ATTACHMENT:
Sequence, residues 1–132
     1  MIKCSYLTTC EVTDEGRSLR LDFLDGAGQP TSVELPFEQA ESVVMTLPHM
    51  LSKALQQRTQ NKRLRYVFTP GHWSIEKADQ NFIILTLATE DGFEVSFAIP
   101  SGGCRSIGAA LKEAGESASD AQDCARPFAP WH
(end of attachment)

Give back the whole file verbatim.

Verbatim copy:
Sequence, residues 1–132
     1  MIKCSYLTTC EVTDEGRSLR LDFLDGAGQP TSVELPFEQA ESVVMTLPHM
    51  LSKALQQRTQ NKRLRYVFTP GHWSIEKADQ NFIILTLATE DGFEVSFAIP
   101  SGGCRSIGAA LKEAGESASD AQDCARPFAP WH